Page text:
Professional Presence Handouts Impact Factory Winter 2009
The Hard Facts about
In business, professional relationships are enhanced when people understand and
practice business protocol. Every time an associate presents or accepts a business
card, greets a customer with a handshake, or attends a business lunch or dinner, they
will exemplify the polish and professionalism that communicates exceptional customer
service and market leadership. In today’s more casual business dealings, that rare
individual is easily distinguished from the competition. Business protocol and etiquette
is also a foundation for individuals developing their leadership potential. It makes an
immediate and noticeable difference in how an individual is perceived and in their
effectiveness in business and social interaction.
What is Business Presence?
A powerful business presence exudes high-level professionalism in attire, posture,
conduct, and verbal skills as well as displaying confidence, leadership, and personal
power in a businesslike manner. A powerful business presence conveys on the nonverbal
level: "I am intelligent; I have choices; I am resourceful; I can be authoritative, easily
managing and inspiring other people; and I am capable of handling any business
situation, including conflict and curve balls."
Know the components of business presence, and learn how to use them to your
• Attire - all aspects of your clothing selections, including accessories such as
shoes, jewelry, eye-glasses, etc.
• Hair - style, color, condition, length
• Grooming - overall cleanliness, and personal presentation, including fragrances
use and abuse
• Posture - confidence in the way you hold yourself
• Demeanor - mannerisms, and body language
• Business Accessories -such as briefcases, pens, technology tools, etc.
• Communication Skills - articulation, eye contact, and effective listening
• Etiquette Skills - the right handshake, business protocols, and courtesies
Appearance + Actions + Attitude
When someone meets you for the first time, they will make up to eleven
assumptions about your personal or professional life. These assumptions are
made fast – within three to seven seconds. Right or wrong, correct or incorrect,
your appearance, actions, and attitude prompt immediate speculation –
conclusions accepted as true without any real proof.
Age ~ This assumption is largely based on physical aspects. Make sure you pay
attention to your appearance.
Level of Education ~ Education can refer to textbook knowledge as well as
worldly exposure. Appearance, action & attitude – will strongly affect this
Moral Character ~ This assumption is based on whether you project an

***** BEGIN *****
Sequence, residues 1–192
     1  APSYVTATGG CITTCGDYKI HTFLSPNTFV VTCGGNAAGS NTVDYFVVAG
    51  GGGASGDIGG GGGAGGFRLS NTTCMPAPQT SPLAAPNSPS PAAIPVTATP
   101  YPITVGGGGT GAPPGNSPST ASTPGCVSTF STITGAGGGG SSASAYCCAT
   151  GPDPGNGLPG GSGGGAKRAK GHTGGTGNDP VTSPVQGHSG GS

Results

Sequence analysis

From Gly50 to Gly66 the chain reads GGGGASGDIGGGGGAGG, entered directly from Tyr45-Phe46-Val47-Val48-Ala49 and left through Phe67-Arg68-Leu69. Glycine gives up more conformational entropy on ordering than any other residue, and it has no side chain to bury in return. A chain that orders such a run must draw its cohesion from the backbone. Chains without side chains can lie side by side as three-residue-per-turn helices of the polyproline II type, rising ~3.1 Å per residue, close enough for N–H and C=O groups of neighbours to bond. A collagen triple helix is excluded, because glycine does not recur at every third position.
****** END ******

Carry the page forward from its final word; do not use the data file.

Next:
understanding of what is morally and socially right or wrong.
Likability ~ Your actions, particularly nonverbal body language, can greatly
affect this assumption. A friendly smile, sincerity, politeness and good listening
habits can push this assumption to the positive side.
Position in Company ~ Of the three’s A’s, attitude is the most helpful here,
Have you noticed the upper management tend to exude confidence and a
positive attitude? Body language is important – walk taller, hold shoulders back,
and make excellent eye contact.
Income ~ This assumption often reverts back to appearance, one that you can
Level of Success ~ As we mentioned earlier, attitude is contagious.
Name & Model of Car ~ This is an odd one and one I have never figured out.
Marital Status ~ While it is not appropriate to ask people often assume that
married people are more stable.
Level of Confidence ~ This assumption is based on your attitude, experience,
and self- esteem, which in turn is affected by your appearance 7 actions
Company Image ~ Remember…You are the company. The way you present
yourself is precisely how others perceive the company you work for.
Body Language Basics
Body language is the single most important means we have of getting our point
across. Over 50% of our communication is accomplished through our posture
and gestures. Body language can add to or detract from your professional
Good posture, whether sitting or standing, presents a confident image.
• Stand and sit up straight
• Head up
• Shoulders back
• Feet flat on the ground approximately shoulder width apart
• Arms should be relax at your side
When entering a room, walk in with confidence and purpose. Maintain good
posture. Keep you head up and your eyes off the floor. Lift your feet up, avoid
dragging them along the ground. Keep your arms at your side, a nice easy swing
that matches your stride. A relaxed yet purposeful walk communicates high self-
esteem and commendable confidence.
Be aware of your gestures at all times. When speaking with others, make certain